By June 1966 two infantry battalions were set to serve under 1ATF (First Australian Task Force)- they were 5/6RAR (5th and 6th Royal Australian Regiment). The area under their command would be in Phuoc Tuy Province, a wealthy coastal area with an historically active agricultural and coastal economy and, in spite of its relationship with the Diem heirarchy and the Catholic Church, a strong base for Viet Cong activities. The province was situated within the III Corps Tactical Zone. Due to all of these factors, the area was considered to be a good match for the skills and abilities of Aussie forces. The landscape was not much different from what these troops had encountered in Borneo and Malaysia. There was excellent air and sea access and a secured evacuation route.The port of Vung Tau was a critical supply staging area on Route 15 on the way to Saigon and Bien Hoa. Overall this province was critical to the well-being of the Republic of South Vietnam. Everyone wanted a piece of it.
|Phuoc Tuy Province, South Vietnam, November 1966|
6RAR troops following APC during "Operation Ingham"-
a "search and destroy" mission".
AWM PO 1404.028
The exact locale for the Task Force would be Nui Dat situated near Route 2 heading north through the center of the province. This positioning put something of a choke hold on the enemy operating in that area. Included in the 4,500 strong Task Force would be artillery- some from New Zealand. Link All was commanded by General O.D. Jackson whose center was Vung Tau. Active here was the 176 Air Dispatch Co, 2 Field Ambulance, 33 Dental Unit, 2 Composite Ordnance Depot and the 101 Field Workshop of Australian and Electrical Engineers. Finally, there would be No. 9 Helicopter Squadron Link and since 1964 the No. 35 Transport Squadron RAAF had been stationed in Vung Tau.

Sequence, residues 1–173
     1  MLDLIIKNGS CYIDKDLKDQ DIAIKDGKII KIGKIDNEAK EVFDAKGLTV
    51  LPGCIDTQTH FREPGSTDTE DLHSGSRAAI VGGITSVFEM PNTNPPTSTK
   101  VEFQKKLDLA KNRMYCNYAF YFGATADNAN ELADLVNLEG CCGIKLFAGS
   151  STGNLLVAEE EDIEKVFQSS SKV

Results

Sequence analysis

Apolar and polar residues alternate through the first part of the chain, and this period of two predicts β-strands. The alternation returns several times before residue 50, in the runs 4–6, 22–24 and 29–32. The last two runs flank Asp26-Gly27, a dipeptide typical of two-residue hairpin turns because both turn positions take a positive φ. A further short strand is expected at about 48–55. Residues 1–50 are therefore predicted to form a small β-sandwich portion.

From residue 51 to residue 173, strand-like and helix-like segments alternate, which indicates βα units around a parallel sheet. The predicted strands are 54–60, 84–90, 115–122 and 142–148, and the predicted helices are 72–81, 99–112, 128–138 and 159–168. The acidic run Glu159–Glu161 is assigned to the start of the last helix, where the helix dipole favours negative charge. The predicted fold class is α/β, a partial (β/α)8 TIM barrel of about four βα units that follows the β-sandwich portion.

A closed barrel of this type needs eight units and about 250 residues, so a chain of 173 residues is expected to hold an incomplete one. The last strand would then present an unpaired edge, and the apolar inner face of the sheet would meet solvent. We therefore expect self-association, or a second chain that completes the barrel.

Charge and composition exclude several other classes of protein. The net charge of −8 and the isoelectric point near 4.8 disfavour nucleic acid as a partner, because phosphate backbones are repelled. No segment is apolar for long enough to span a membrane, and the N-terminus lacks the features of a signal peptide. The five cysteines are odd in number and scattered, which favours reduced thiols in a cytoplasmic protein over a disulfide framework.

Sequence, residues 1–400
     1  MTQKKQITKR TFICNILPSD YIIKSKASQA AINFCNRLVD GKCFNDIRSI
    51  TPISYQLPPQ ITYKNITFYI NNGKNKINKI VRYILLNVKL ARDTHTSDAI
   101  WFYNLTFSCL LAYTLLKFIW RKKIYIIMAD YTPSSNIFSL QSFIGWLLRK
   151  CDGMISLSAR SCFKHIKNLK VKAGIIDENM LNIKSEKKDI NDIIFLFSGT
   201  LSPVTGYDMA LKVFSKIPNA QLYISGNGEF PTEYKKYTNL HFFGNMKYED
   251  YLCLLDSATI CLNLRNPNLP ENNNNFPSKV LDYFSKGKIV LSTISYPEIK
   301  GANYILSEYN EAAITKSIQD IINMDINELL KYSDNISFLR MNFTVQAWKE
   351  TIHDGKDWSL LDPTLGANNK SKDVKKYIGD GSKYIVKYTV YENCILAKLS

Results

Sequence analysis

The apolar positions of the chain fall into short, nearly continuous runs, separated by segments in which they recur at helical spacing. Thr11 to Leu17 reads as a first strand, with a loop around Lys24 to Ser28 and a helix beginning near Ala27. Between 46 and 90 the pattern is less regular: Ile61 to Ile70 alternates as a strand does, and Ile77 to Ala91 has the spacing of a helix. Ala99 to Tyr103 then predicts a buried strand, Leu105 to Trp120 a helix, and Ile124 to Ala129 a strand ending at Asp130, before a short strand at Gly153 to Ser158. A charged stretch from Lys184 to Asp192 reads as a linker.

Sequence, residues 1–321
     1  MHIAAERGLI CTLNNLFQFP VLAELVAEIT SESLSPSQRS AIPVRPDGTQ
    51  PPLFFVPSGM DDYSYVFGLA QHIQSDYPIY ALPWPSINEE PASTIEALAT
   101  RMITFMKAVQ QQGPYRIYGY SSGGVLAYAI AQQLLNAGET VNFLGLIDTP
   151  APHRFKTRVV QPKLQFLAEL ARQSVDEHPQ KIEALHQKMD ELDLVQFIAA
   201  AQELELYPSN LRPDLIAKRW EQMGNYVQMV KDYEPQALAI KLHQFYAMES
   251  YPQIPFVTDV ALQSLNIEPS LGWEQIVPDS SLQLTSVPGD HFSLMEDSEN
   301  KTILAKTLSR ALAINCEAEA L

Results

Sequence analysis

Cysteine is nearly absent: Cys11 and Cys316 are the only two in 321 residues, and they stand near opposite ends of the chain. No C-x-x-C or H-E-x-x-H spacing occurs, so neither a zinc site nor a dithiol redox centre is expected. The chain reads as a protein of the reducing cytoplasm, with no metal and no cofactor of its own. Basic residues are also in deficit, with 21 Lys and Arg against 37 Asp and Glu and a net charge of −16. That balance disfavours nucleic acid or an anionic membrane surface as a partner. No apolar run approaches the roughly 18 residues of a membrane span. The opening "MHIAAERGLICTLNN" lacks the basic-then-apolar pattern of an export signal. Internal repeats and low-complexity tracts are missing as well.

|No 9 RAAF Badge|
were now involved in the war
and would see thousands of their citizens fight and die in the jungles of Vietnam.
We welcome home all of those who served. As we continue this wee remembrance to young men and women who risked their lives, often not knowing exactly why, we hope that those of you who care to share your photos, memories or what-have-you will do so. You are welcome to post comments and remarks Anonymously if you wish, either on our Facebook page or here in the comments section. We certainly do not wish to put undue pressure on anyone to feel free to speak out and up, but we always request consideration for your fellows. Comments are monitored prior to publishing by adminstrators. Remember: Think twice and post once! Cheers. There's more to come. We will plow through the various years and as many actions as we can; meanwhile, we will also be spotlighting the medical corps- nurses and doctors- who cared for the wounded.
Attributions: Many thanks to the Australian War Memorial website for photographs.